Integrating behavioral and physical health care has been shown to improve patient outcomes while also curbing costs. Unfortunately, though, achieving successful care integration is sometimes easier said than done.
Achieving that success was the topic of a recent panel discussion at the 2020 Health Care Payment Learning & Action Network (LAN) Virtual Summit, held on Oct. 13. During the conversation, health care stakeholders who have been successful in their efforts shared their tricks of the trade.
For providers just starting out on their integrated care journeys, commitment, quality measures and technology are key, the panelists said.
Victor Wu, the chief medical officer at TennCare, Tennessee’s Medicaid program, said successful care integration starts with patient, committed leadership.
“No matter if you’re a provider organization or state agency or you are a payer, there’s got to be some level of commitment at the organizational level to allow this to run out for several years,” Wu said during the panel discussion. “That ROI can’t just be [looked at] in one or two or three year chunks — it’s got to be a much longer view than that.”
In other words, change isn’t going to happen overnight. Neither are cost savings, as Wu has seen first-hand.
TennCare currently has two primary delivery system transformation efforts underway, Patient-Centered Medical Homes and Tennessee Health Link. Both aim to integrate behavioral and physical health for various different patient populations.
The programs have shared quality outcomes for mental and behavioral health organizations, who are provided with a tech tool that gives them access to comprehensive claims review, as well as real-time ADT data feeds from hospitals.
When it comes to payment, Patient-Centered Medical Homes and Tennessee Health Link are moving incrementally away from fee-for-service and toward per-member per-month capitation payments and case rates to incentivize a holistic approach to care.
While the programs have been successful, profitability has been a slow burn.
“There was no savings for the first couple of years,” Wu said. “We are only now in year three, and we’re seeing that we’re breaking even on that initial investment. … It’s not been ROI positive yet, but we believe strongly that it will get there in the long run.”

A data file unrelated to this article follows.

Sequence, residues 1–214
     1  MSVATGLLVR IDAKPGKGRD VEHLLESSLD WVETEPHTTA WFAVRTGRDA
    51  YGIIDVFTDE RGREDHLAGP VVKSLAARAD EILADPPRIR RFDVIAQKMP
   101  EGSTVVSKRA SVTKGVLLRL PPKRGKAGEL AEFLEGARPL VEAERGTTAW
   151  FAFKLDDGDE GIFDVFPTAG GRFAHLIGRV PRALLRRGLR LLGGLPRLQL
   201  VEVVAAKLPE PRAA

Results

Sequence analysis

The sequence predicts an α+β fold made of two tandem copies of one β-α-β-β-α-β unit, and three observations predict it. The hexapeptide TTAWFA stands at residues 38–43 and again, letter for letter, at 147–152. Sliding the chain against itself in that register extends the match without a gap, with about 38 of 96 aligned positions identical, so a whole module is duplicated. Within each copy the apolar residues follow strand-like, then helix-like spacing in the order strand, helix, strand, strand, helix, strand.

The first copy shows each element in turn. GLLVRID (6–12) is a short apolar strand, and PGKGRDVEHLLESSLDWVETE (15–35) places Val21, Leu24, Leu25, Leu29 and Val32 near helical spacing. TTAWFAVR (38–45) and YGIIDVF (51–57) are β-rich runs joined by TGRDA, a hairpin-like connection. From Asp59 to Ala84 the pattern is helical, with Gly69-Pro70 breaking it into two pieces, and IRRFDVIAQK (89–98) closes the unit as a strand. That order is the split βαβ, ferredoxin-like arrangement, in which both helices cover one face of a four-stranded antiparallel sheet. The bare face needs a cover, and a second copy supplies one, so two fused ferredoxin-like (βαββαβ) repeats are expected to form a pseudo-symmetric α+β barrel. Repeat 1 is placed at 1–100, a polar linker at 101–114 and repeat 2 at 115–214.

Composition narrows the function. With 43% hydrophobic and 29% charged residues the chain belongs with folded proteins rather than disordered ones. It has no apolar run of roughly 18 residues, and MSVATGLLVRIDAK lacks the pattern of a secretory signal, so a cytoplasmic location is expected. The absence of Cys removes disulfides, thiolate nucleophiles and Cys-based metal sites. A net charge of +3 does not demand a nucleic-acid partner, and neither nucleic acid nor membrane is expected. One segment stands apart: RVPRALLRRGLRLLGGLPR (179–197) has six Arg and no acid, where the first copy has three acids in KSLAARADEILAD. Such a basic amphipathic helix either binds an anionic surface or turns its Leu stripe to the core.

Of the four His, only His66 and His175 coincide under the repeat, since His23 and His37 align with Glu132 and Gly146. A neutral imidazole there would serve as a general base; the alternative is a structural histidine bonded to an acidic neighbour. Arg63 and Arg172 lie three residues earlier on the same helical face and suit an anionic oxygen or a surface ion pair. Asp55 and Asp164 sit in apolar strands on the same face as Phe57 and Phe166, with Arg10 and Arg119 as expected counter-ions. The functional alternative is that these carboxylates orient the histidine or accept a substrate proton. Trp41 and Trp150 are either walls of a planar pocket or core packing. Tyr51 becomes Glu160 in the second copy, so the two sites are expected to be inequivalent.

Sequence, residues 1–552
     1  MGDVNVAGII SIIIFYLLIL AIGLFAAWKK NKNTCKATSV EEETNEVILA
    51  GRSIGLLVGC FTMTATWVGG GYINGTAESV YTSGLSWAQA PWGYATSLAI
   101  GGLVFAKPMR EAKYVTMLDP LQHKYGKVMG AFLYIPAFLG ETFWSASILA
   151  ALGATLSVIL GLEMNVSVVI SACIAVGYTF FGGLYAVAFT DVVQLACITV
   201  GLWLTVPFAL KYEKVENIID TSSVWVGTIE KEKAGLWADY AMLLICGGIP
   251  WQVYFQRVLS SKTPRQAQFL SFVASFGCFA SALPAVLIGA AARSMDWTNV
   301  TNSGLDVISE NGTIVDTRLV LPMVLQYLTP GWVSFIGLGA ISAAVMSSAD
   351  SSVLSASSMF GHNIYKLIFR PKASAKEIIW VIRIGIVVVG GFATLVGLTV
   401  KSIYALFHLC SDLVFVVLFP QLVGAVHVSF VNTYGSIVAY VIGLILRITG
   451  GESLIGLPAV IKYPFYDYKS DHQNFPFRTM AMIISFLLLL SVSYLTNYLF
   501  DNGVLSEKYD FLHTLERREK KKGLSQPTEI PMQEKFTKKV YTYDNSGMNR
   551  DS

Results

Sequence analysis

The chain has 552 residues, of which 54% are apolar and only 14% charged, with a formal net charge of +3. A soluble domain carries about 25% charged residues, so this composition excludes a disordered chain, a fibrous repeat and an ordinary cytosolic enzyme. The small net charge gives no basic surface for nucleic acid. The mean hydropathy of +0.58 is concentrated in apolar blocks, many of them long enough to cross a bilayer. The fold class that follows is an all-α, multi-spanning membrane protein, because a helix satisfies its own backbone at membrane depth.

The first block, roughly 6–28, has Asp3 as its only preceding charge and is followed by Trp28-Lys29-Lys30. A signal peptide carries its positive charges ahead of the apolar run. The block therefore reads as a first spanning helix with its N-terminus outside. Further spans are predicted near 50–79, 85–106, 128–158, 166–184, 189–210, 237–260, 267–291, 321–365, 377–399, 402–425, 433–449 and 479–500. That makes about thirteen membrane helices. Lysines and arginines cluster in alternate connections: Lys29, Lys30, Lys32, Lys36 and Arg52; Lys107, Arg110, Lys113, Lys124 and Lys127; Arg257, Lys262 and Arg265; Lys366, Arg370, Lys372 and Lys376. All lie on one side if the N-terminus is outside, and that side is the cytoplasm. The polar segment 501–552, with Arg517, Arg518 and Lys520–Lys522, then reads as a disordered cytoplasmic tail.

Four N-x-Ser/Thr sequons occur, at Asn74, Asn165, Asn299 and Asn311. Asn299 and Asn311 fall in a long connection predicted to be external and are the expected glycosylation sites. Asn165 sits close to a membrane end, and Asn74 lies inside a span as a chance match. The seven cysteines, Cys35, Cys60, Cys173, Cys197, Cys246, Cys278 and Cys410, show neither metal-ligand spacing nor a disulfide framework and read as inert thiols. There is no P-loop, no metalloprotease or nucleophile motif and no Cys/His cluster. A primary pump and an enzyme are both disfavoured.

While patience is important, so are more concrete factors, such as quality measures, according to Judy Zerzan-Thul, chief medical officer at the Washington State Health Care Authority, which covers Medicaid, state employees, school teachers and retirees.
Specifically, she stressed the importance of the alignment of measures for all those parties working to integrate care.
“Alignment of … focused measures [can] help people get their arms around what’s the most important thing and how can I move that measure?” Zerzan-Thul said. “And then looking at how to do that in a team based way.”
Meanwhile, Greg Poulsen, senior vice president of policy at Intermountain Healthcare, praised the importance of technology.
While the health system first piloted a care integration initiative about 15 years ago, today telehealth has helped it drastically expand its integration efforts, allowing medical health care professionals to bring behavioral health experts into nearly every Intermountain exam room via technology.
On top of that, payment is especially important, too, Poulsen said.
“Technology today allows us with telehealth to do [care integration] vastly more efficiently and effectively than when we started to do it,” Poulsen said during the panel discussion. “I think the key is to get the payments so that you can bring those together and people can get appropriately compensated for it. With those two things together, I think it allows us to move forward effectively.”